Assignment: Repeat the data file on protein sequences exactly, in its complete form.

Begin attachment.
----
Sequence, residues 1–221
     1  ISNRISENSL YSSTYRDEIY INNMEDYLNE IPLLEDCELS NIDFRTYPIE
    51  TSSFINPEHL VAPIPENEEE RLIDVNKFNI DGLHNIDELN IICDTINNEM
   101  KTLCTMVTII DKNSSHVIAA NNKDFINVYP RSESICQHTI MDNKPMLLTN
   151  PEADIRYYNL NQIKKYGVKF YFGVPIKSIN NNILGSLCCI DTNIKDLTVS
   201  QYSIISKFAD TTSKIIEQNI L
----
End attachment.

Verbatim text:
Sequence, residues 1–221
     1  ISNRISENSL YSSTYRDEIY INNMEDYLNE IPLLEDCELS NIDFRTYPIE
    51  TSSFINPEHL VAPIPENEEE RLIDVNKFNI DGLHNIDELN IICDTINNEM
   101  KTLCTMVTII DKNSSHVIAA NNKDFINVYP RSESICQHTI MDNKPMLLTN
   151  PEADIRYYNL NQIKKYGVKF YFGVPIKSIN NNILGSLCCI DTNIKDLTVS
   201  QYSIISKFAD TTSKIIEQNI L